Charting new horizons.


Surprise, surprise. All this running around lately has come to a grinding halt as I cozy up on my couch with a bad cough and an unrelated toothache. If it was just one or the other, I might have made it to work, but I’m feeling sapped at the moment. Really drained. Dead tired. And so I’m doing email and reading and attempting to heal myself quietly for the day.

It’s been a really crazy time since I went to Ottawa on collective bargaining business, came back to get married, and then hurried back to Ottawa again. I’ve had garden clean-up to get to, visitors, angry union members, and heavy workload to contend with as I try to catch up from what was an unexpected foray into contract negotiations. And in all honesty, I’m not particularly happy about the abruption of it all. I had planned my wedding, fall visiting and food security workshops around the fact I didn’t have any big union commitments scheduled – that it was perhaps the last fallow period before bargaining started again the early winter for me to plan some actual living around…. And out of nowhere, it was all been turned upside down.

Now I’m not bothered to be resentful about that, because I did say yes when the phone call came and I should have known better, but it has underscored a realization I’ve been coming to for awhile: I’m just not cut out for this life of union politics and continual travel. And I don’t mean that in the I’m a big wimp kinda way. I mean in the way that there are too many other things I would rather be doing right now than facing down angry people, or sitting at boardroom tables discussing the specifics of severance pay buy-outs.

Like what you ask? Well, hiking, canning, spending time with my family, gardening, working in my community, going to the gym, reading books, writing creatively, and most of all…. working towards another degree or some other education. Which is something I have been itching after for awhile, but with the tuition benefit at SFU attached to B’s job, it’s become just that much more possible. Or at least, the economic barrier has been reduced some what.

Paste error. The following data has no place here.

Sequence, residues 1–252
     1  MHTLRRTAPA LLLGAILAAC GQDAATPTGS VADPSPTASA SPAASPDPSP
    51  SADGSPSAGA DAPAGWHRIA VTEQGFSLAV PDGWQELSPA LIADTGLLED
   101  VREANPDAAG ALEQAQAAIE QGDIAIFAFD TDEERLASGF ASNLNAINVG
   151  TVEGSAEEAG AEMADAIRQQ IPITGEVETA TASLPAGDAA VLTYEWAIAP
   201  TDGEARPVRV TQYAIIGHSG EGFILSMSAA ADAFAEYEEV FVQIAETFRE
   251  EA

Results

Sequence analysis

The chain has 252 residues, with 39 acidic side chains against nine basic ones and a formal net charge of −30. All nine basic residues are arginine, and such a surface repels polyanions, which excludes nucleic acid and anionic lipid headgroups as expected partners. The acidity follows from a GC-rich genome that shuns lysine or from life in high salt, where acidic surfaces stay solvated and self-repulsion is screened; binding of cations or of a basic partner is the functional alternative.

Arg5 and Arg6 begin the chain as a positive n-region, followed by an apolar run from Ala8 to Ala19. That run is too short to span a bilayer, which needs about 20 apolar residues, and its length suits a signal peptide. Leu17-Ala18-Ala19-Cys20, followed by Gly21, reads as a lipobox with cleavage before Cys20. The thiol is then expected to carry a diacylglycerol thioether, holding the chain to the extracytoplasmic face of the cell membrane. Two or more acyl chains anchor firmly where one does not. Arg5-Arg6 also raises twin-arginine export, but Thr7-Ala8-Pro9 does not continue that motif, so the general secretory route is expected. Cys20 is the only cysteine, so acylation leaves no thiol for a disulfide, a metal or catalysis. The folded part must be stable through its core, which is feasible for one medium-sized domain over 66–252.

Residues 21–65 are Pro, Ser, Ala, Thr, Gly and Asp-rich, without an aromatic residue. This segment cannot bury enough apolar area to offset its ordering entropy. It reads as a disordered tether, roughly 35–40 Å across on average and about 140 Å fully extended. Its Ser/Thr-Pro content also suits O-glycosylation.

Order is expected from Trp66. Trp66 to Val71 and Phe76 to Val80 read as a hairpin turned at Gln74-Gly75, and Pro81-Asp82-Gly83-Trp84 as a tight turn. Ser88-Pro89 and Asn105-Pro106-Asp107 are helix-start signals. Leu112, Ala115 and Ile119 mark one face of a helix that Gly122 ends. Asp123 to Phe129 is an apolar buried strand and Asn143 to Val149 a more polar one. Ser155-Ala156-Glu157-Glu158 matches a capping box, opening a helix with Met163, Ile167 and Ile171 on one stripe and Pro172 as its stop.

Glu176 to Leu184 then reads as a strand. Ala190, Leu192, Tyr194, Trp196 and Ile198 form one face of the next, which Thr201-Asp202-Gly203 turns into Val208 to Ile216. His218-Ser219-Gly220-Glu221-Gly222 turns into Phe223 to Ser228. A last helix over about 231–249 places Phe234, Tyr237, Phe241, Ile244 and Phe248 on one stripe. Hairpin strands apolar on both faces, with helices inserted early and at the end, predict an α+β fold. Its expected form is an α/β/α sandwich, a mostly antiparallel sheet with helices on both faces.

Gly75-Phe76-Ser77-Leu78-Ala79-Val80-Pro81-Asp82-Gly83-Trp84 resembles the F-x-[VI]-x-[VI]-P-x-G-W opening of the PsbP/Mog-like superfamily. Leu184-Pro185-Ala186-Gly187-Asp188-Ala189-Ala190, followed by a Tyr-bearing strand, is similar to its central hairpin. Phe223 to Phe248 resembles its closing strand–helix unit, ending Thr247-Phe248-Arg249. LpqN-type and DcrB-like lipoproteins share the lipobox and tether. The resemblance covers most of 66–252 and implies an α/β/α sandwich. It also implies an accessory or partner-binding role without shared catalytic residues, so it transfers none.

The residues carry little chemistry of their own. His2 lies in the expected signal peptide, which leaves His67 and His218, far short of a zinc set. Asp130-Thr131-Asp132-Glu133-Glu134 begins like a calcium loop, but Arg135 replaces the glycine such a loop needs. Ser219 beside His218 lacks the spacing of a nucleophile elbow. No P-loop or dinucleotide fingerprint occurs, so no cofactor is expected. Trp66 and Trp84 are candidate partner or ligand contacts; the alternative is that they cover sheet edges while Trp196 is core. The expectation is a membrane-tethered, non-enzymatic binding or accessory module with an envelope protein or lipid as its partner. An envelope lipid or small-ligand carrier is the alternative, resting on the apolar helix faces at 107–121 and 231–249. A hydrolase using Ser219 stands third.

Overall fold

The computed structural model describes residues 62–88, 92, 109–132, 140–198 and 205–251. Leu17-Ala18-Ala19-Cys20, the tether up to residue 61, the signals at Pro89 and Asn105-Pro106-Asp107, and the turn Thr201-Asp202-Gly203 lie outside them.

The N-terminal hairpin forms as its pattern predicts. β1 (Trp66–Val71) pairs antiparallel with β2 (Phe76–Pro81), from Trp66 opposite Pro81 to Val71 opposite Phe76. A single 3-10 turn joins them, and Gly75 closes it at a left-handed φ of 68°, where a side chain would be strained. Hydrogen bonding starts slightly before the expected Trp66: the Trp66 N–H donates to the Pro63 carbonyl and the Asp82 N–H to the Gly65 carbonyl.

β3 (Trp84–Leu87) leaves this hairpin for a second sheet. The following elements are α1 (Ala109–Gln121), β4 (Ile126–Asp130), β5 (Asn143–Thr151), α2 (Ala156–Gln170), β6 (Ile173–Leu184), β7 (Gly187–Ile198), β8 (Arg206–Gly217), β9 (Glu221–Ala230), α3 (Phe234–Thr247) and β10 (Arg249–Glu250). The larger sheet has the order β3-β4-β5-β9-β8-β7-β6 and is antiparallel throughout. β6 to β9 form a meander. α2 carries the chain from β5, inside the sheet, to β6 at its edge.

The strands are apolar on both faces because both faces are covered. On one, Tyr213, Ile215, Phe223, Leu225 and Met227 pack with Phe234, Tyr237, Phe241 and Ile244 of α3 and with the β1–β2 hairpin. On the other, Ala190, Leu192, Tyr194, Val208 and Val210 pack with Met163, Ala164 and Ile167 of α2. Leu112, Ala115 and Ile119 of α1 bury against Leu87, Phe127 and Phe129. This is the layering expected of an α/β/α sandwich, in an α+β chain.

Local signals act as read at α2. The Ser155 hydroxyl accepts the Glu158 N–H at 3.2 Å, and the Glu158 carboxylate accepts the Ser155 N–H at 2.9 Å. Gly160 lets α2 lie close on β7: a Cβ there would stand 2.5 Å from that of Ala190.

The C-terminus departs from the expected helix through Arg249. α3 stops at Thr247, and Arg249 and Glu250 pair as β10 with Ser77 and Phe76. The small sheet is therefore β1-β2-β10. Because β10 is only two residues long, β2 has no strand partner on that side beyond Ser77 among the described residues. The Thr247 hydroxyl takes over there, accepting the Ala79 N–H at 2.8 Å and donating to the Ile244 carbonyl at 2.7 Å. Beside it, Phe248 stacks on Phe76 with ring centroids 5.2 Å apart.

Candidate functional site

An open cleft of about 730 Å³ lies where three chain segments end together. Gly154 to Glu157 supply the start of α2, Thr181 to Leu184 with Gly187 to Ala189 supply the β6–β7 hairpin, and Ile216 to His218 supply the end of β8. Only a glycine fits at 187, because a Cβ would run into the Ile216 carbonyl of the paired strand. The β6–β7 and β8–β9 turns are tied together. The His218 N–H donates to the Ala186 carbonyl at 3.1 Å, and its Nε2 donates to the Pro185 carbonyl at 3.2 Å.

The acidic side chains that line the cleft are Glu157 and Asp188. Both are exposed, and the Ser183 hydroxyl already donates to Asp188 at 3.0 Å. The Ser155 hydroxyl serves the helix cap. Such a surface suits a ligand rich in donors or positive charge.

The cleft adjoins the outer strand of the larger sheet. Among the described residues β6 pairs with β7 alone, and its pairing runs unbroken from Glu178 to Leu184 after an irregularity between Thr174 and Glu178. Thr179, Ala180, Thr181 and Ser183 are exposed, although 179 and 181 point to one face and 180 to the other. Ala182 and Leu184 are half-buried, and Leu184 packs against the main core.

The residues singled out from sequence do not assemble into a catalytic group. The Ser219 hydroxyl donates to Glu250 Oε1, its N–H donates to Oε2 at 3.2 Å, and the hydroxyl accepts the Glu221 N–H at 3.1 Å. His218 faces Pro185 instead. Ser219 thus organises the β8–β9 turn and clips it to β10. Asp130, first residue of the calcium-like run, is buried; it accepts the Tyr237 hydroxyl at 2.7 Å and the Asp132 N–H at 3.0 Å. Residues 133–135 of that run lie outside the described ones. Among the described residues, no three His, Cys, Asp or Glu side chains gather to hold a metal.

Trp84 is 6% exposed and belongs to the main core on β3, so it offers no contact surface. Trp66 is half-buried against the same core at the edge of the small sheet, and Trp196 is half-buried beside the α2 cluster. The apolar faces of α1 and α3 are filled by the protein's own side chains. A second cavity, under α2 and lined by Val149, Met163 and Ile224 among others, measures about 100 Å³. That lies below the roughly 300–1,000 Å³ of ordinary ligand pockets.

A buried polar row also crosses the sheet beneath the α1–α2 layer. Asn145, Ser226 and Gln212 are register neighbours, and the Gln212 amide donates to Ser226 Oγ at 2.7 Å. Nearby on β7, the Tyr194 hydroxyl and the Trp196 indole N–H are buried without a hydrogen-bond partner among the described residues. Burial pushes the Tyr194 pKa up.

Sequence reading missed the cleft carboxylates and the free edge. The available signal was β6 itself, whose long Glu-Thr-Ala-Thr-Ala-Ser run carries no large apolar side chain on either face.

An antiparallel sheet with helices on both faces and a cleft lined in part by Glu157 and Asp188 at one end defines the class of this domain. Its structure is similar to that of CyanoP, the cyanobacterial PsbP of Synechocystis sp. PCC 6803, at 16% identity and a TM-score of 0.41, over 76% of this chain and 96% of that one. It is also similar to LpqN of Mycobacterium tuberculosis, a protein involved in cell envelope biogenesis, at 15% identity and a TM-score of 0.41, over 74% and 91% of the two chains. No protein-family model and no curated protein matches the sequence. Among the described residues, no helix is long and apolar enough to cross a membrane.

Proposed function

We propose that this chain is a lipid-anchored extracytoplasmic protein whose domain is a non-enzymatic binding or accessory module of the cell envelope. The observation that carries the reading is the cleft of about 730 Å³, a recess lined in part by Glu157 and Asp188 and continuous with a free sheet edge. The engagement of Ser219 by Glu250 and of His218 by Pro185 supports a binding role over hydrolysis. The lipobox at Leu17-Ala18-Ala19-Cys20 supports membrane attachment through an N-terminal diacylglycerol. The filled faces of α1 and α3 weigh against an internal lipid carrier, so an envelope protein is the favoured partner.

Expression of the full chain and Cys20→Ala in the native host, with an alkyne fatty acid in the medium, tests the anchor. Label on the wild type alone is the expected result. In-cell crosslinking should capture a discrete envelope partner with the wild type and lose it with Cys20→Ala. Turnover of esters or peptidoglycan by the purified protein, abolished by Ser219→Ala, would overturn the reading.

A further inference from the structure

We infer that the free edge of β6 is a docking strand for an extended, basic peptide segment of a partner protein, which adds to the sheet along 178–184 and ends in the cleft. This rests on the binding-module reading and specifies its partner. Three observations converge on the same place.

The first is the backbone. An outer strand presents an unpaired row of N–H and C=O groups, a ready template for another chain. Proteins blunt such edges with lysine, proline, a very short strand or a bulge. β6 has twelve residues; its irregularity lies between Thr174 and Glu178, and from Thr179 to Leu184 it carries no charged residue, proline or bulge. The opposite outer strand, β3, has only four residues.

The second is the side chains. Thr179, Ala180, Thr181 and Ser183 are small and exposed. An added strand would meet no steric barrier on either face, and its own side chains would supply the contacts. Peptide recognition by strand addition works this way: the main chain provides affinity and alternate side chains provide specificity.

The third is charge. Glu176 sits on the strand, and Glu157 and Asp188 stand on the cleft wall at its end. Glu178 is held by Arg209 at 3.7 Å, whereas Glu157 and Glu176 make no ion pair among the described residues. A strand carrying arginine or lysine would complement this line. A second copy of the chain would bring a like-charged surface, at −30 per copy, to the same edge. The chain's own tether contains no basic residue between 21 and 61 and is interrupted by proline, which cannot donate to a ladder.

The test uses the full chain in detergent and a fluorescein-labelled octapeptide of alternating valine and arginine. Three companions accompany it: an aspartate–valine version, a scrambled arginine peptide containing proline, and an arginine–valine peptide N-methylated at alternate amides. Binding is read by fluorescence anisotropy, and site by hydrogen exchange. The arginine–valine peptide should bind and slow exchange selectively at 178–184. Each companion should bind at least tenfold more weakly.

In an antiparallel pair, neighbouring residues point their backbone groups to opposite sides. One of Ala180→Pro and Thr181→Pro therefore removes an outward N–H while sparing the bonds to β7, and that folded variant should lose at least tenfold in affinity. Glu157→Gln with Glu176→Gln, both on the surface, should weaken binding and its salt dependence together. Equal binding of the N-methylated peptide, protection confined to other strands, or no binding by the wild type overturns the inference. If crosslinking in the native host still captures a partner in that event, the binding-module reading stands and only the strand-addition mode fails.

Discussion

So I’ve got two months of a pretty hellish schedule ahead, doing ratification votes around the lower mainland, on the island and in the interior – but should this agreement pass muster with the membership? Well the next two years I had set aside for bargaining are now open for me to do something else with (our normal bargaining process takes 18-24 months, the agreement I just worked on was part of an exceptional and expedited process). And I think I know just the graduate degree program I want to go with.

So I’m working on my applications and lining up references because for once I’m not going to talk myself out of the process before I even get to the gate – and because this program is exactly what type of education I’m looking for right now: inquiry-based, interdisciplinary and aimed at the mature (working) student. Plus it’s situated at the downtown campus which is three blocks from my office.

Really, I’m using it as the light at the end of the tunnel right now. The chance to move onto something that serves the intellectual part of me for awhile. After several really intensive years of union responsibility, I’m feeling the need for a little space to re-evaluate, and re-prioritize.  Where I used to feel that I was gaining a lot from my union work, I now feel like I am missing out on too much. How is it that we find the balance in these things?

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